“In narratology and comparative mythology, the monomyth, or the hero’s journey, is the common template of a broad category of tales and lore that involves a hero who goes on an adventure, and in a decisive crisis wins a victory, and then comes home changed or transformed.” – Wikipedia
Six weeks ago, I set out to publish a blog post every weekday. This post marks number 30. In some ways, I wish I would have declared it one of those 30-day challenges when I started. Had I done that, I could declare victory today, be done, and go back to inconsistent posting. Since this is my blog, I suppose I could still do that, but I won’t.
For today’s Monday Motivation post, I want to discuss internal versus external motivation. When you pursue a big goal, do you tell the world or do you keep it to yourself? I’ve read two views on this. The first opinion says you shouldn’t tell anyone. Just grind away, using the motivation of the future “reveal” to keep you going. I believe one problem with this approach is it’s easier to quit. After all, no one knows, right?
The other view is to broadcast your goal for all the world to hear, using this declaration as your motivation. One danger of revealing your goal ahead of time, though, is that you will receive some praise for just saying you have the goal. Sometimes, this praise can be enough to derail your progress. You unintentionally take this praise as your final reward and your progress stops.
Whichever approach works best might boil down to an individual’s personality – can you be internally motivated enough to grind it out in silence or do you need some occasional external spotlights on you to keep going?
I have used both techniques. When I first declared my goal of qualifying for the Boston Marathon, I put this intent out in print on an old blog site. I wrote posts about my training and my failed attempts. The goal of posting was to keep me motivated and perhaps inspire others. Eventually, I began to wonder if this had been a mistake after yet another blog post detailing my latest failed qualifying attempt. I finally did make it, so the risk of public humiliation paid off.
With my book, I didn’t post much about it on my blog. I mentioned completing the first draft. Then, a year later, I just showed up and said “Hey, I did this. Check it out.” To be totally transparent, I did have an inner circle of friends who read the book ahead of time and gave me input. After their help and suggestions, I took a very long time before I published the completed manuscript. I was probably suffering a bit from the “way-to-go” syndrome mentioned before. Even though 90% of the work was done, their praises for making it that far were almost good enough for me not to cross the finish line with the final product.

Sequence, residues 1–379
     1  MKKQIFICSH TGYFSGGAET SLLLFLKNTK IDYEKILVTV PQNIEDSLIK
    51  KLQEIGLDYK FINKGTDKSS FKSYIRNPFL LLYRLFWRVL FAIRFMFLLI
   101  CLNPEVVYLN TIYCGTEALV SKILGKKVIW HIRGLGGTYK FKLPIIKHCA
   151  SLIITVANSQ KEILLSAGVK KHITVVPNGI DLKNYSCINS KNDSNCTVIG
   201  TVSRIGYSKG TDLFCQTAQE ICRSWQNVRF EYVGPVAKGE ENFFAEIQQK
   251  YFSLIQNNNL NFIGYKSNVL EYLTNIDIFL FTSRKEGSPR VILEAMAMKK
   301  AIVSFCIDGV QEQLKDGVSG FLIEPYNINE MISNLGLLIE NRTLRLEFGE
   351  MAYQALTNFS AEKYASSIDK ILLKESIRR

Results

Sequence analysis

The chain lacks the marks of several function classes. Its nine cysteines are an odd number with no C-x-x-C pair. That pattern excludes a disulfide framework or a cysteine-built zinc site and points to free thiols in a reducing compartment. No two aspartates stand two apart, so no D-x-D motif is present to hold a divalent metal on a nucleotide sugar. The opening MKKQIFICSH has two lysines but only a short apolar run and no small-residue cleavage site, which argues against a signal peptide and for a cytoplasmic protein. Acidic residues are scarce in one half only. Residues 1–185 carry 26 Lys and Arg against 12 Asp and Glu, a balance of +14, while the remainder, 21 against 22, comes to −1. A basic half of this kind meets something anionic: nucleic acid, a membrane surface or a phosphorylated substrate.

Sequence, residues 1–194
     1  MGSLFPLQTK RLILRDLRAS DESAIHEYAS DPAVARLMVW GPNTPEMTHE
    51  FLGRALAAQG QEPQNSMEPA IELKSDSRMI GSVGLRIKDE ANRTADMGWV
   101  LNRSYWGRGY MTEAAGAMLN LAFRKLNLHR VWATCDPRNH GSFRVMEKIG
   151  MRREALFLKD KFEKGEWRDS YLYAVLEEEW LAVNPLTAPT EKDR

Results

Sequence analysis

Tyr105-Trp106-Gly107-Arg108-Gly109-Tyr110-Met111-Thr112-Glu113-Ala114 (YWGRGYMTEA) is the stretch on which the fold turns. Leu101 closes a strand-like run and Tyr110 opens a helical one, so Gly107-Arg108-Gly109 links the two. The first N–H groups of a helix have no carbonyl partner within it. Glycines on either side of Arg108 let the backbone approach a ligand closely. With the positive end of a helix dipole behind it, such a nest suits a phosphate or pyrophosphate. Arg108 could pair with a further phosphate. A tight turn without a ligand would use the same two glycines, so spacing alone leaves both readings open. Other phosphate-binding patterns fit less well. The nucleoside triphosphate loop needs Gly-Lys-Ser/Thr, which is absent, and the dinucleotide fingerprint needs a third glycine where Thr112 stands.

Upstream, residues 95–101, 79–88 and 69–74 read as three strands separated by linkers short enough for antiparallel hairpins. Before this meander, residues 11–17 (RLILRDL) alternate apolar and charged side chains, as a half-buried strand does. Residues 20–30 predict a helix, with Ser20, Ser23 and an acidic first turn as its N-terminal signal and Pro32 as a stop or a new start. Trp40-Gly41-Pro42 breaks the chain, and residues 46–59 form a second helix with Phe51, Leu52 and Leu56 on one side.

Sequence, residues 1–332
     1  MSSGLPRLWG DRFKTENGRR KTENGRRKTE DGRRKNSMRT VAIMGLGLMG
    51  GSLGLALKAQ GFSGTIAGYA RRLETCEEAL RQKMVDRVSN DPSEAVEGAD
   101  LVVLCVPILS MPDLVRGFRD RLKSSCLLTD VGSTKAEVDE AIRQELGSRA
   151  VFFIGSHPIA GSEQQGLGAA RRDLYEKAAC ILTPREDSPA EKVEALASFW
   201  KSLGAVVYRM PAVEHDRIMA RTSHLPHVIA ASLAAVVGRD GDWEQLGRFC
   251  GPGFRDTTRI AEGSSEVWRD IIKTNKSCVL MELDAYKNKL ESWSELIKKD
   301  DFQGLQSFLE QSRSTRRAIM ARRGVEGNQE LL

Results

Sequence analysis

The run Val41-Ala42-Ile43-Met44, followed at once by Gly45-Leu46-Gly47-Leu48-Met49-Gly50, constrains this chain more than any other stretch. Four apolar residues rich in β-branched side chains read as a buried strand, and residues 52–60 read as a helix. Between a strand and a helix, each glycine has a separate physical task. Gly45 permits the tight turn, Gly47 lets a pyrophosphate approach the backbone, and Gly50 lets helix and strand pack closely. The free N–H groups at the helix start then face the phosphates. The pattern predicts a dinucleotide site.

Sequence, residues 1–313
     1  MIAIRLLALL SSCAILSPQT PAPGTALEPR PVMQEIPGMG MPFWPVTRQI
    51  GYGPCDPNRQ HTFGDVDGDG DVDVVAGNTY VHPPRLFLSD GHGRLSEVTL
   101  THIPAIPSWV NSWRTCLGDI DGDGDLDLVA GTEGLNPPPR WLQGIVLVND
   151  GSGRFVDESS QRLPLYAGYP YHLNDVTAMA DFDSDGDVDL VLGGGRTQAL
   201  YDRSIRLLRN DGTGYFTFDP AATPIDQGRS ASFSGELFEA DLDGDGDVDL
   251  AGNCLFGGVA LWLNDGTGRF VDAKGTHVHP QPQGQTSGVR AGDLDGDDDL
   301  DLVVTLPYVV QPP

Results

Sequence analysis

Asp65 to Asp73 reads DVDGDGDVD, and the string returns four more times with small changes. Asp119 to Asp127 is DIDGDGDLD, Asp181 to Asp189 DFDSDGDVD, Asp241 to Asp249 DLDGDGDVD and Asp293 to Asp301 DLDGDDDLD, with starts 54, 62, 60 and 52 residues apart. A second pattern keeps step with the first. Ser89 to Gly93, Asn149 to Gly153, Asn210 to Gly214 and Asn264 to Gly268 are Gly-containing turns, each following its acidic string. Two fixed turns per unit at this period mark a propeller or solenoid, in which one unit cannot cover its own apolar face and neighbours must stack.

These days, as I ponder what’s the point of this particular blog (maybe you do to with my wide variety of topics), I’m having an internal debate on what to reveal as goals for myself and/or this blog. On one hand, I have a history of the public accountability strategy working. On the other hand, there are a couple of those old “F” words hanging out there, too: Fear of Failure.
So let’s say this blog is a hero’s journey about a guy over 40 (way over!) struggling to make the second half of his career better than the first. If that’s the case, what will be the ultimate victory? It is this:
Your hero wakes up every day to pursue work that he wants to do, while actually making a good living at it.
Is this as an author? Maybe. What about an entrepreneur? Maybe. What about working a day job for someone else, as he’s done for almost 30 years? Unlikely, as that particular journey has created many of the headaches he battles today, but some believe miracles can happen. You’ll just need to stick around to find out.
So what about you? Are you on a hero’s journey? Does the world know it? Does the world need to know?
Thanks for reading,
PS. One of the goals of my current writing challenge was to find my writing groove, and I’ve done that. You may question the quality, but I’m back in decent writing shape and able to crank out many more words per hour than just six weeks ago. What this means is that I need to start channeling some effort and time into my fiction writing. After all, book two has been a work-in-progress for some time, and frankly, I’m tired of having it rolling around in my head. Notice, I didn’t throw a date out there yet. I have one in mind, but I’m not quite ready for that public commitment! I do not know what the upcoming switch to fiction focus means for the daily blog post yet, but something will likely change.